0

I have input file like below

1
2
3
4
5
6
7
8
9
10

I need output like below

1 2
3 4 5
6 7
8 9 10

Meaning first two lines to be joined together and then the next three lines to be also joined together.

  • 1
    What’s the logic for combining the lines? – Jeff Schaller Jan 5 '18 at 18:20
  • And what about the capitalization? your code does something different from your desired output. – Jeff Schaller Jan 5 '18 at 18:22
0

A double awk appproach:

$ awk '{printf("%s",$0 (NR%5==0?ORS:":"))}' file1 |awk -F':' '{print $1,$2;print $3,$4,$5}'
1 2
3 4 5
6 7
8 9 10

Lines are first joined in groups of five,each line joined with : symbol.

Solution work even if lines contain more words

$ cat file2
this is line 1
this is line 2
this is line 3
this is line 4
this is line 5
this is line 6
this is line 7
this is line 8
this is line 9
this is line 10

$ awk '{printf("%s",$0 (NR%5==0?ORS:":"))}' file2 |awk -F':' '{print $1,$2;print $3,$4,$5}'
this is line 1 this is line 2
this is line 3 this is line 4 this is line 5
this is line 6 this is line 7
this is line 8 this is line 9 this is line 10
2

I can also do the job with paste:

$ seq 10 | paste -s -d $' \n  \n'
1 2
3 4 5
6 7
8 9 10
$ 

bash was used by me here (for $'\n'). And seq 10 was to reproduce your input:

$ seq 10
1
2
3
4
5
6
7
8
9
10
$
  • 1
    The point of the question is to read and combine lines from data inside a file - not to generate a litteral sequence 1 to 10. The real file can contain data from a to z, or words, or whatever. – George Vasiliou Jan 6 '18 at 9:56
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    @GeorgeVasiliou yes, my answer is about reading and combining arbitrary lines from a file according to the stated rule. You've not understood something. Check and apply my paste command to such a file :) (but my answer is bad because it doesn't use awk) – imz -- Ivan Zakharyaschev Jan 6 '18 at 13:27
  • 1
    No, it does apply on fields (split by whitespaces) not lines. – αғsнιη Jan 6 '18 at 13:38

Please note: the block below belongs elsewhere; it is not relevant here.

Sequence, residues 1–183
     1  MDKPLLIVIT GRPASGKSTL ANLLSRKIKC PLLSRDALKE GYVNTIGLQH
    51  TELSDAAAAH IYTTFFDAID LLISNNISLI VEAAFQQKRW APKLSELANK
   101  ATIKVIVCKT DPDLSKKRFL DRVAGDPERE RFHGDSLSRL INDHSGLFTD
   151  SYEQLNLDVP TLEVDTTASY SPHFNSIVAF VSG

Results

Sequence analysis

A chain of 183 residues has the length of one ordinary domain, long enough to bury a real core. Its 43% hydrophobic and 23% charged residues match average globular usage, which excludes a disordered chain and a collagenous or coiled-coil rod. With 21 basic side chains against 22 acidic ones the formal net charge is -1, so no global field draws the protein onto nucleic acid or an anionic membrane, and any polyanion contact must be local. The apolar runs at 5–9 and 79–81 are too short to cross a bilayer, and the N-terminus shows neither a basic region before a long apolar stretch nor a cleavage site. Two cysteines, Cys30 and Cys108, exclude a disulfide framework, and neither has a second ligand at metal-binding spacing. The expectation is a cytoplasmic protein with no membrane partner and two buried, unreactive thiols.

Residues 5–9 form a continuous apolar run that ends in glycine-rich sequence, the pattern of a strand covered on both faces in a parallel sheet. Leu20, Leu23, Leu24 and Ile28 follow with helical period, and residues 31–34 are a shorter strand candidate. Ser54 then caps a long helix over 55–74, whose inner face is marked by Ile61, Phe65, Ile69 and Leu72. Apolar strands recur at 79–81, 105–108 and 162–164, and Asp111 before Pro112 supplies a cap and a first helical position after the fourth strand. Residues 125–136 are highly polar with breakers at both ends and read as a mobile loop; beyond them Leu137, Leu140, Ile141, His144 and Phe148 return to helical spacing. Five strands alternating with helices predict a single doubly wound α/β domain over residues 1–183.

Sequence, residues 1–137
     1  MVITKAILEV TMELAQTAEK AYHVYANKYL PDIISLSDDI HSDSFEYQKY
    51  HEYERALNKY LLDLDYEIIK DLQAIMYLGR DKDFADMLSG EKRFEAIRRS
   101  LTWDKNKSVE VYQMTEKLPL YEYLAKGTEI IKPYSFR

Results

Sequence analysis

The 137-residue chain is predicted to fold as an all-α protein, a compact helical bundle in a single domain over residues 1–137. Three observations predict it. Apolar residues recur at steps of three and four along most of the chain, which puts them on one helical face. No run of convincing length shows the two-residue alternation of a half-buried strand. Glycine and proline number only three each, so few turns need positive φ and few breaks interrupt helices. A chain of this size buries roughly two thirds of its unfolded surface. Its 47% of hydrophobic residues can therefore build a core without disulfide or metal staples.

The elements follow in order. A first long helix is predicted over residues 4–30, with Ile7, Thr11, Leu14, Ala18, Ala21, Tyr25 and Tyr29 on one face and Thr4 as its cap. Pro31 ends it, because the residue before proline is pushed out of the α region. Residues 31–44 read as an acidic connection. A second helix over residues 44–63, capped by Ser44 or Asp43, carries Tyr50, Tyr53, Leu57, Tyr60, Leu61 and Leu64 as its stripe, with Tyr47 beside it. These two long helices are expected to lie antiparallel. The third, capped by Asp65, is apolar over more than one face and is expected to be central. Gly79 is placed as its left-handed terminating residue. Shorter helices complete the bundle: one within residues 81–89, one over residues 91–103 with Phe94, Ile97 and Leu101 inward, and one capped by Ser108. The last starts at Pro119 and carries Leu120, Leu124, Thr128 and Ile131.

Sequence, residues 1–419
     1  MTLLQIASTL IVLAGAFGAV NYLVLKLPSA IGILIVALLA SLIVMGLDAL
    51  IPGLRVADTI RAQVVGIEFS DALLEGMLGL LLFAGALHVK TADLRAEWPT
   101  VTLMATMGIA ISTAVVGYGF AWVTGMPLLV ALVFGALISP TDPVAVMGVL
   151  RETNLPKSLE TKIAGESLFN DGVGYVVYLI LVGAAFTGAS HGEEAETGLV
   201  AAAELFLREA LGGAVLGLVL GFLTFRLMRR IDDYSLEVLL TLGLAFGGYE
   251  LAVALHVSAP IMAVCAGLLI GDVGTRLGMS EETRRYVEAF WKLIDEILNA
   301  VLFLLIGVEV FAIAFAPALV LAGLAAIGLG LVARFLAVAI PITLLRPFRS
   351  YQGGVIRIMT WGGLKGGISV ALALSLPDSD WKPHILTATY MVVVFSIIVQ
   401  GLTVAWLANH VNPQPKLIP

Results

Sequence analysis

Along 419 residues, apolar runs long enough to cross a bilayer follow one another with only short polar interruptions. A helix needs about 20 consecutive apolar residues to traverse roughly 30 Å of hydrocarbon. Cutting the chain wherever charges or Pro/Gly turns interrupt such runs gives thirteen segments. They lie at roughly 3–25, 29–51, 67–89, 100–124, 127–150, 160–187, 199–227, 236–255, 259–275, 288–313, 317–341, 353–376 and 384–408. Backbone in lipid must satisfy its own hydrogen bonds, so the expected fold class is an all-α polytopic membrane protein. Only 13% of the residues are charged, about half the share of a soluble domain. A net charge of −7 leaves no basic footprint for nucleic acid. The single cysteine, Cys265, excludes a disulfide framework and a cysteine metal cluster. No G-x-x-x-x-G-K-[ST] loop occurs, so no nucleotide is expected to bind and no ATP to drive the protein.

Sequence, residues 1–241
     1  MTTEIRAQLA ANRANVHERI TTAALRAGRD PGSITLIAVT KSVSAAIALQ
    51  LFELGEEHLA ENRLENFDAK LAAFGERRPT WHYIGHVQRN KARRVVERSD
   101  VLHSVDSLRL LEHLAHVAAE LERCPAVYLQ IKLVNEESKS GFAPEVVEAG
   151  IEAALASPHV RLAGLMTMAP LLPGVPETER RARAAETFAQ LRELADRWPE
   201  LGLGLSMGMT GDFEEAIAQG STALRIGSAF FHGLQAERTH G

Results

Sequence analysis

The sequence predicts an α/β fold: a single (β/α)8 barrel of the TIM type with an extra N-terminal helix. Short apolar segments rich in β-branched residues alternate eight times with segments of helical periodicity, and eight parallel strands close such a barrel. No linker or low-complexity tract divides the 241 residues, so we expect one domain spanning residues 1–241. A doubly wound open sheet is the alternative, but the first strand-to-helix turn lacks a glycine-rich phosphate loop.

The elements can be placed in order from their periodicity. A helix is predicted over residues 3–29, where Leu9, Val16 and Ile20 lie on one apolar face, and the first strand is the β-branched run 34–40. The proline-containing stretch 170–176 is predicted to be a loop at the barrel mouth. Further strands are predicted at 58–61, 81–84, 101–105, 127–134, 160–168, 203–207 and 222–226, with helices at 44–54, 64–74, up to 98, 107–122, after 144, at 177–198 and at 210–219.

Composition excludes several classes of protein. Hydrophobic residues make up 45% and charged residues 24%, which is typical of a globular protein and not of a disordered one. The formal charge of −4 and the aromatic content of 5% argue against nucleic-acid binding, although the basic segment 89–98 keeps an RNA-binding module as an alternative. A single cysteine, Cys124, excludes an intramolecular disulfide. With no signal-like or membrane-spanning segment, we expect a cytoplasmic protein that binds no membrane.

• @αғsнιη Oh, was I wrong? Would paste use the fields split by spaces instead of lines?.. No, probably, my command does the right thing; I've just tried an input with spaces: { echo 1 a; echo 2 b; echo 3 c; echo 4 d; echo 5 e; echo 6 f; } | paste -s -d$' \n \n' The output is OK. – imz -- Ivan Zakharyaschev Jan 8 '18 at 6:48
1
#!/usr/bin/awk -f

BEGIN { maxlines=2 ; lc=0 }

{ outputline=outputline " " $0; lc++ }

lc % maxlines == 0 {
  sub(/^ /,"",outputline); # strip unwanted leading space
  print outputline;

  outputline="";
  lc=0;
  maxlines = 5 - maxlines; # flip-flop: 5-2=3, 5-3=2
}

This alternates between joining & printing either 2 or 3 consecutive lines.

Output:

1 2
3 4 5
6 7
8 9 10

or with the original input data:

Unix Linux
Solaris AIX Sco

Alternatively, using an array. awk doesn't have a join() function so we have to provide one.

#!/usr/bin/awk -f

BEGIN { maxlines=2 ; lc=0 }

function join(sep,array,       i) {
  result=array[1];
  for (i=2;i<=length(array);i++) result = result sep array[i];
  return result
};

{ lines[++lc]=$0 }

lc % maxlines == 0 {
  print join(" ", lines);
  delete lines;

  lc=0;
  maxlines = 5-maxlines
}
0

Simply do the job with below awk:

awk -v step=3 '{l=(!l)?l$0:l" "$0} ++seen==2 && step==3{print l;step++;l=seen=""}
    seen==3{print l;step--;l=seen=""}' infile

Output:

1 2
3 4 5
6 7
8 9 10

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